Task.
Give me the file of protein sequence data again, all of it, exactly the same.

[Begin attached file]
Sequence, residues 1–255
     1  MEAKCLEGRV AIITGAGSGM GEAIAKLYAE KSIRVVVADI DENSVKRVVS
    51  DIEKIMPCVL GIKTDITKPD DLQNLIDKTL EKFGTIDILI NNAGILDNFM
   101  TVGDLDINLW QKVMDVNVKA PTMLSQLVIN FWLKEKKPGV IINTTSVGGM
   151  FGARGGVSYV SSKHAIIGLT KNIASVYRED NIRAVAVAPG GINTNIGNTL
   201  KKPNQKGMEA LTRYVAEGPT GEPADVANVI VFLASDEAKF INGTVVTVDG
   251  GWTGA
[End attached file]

Sequence, residues 1–255
     1  MEAKCLEGRV AIITGAGSGM GEAIAKLYAE KSIRVVVADI DENSVKRVVS
    51  DIEKIMPCVL GIKTDITKPD DLQNLIDKTL EKFGTIDILI NNAGILDNFM
   101  TVGDLDINLW QKVMDVNVKA PTMLSQLVIN FWLKEKKPGV IINTTSVGGM
   151  FGARGGVSYV SSKHAIIGLT KNIASVYRED NIRAVAVAPG GINTNIGNTL
   201  KKPNQKGMEA LTRYVAEGPT GEPADVANVI VFLASDEAKF INGTVVTVDG
   251  GWTGA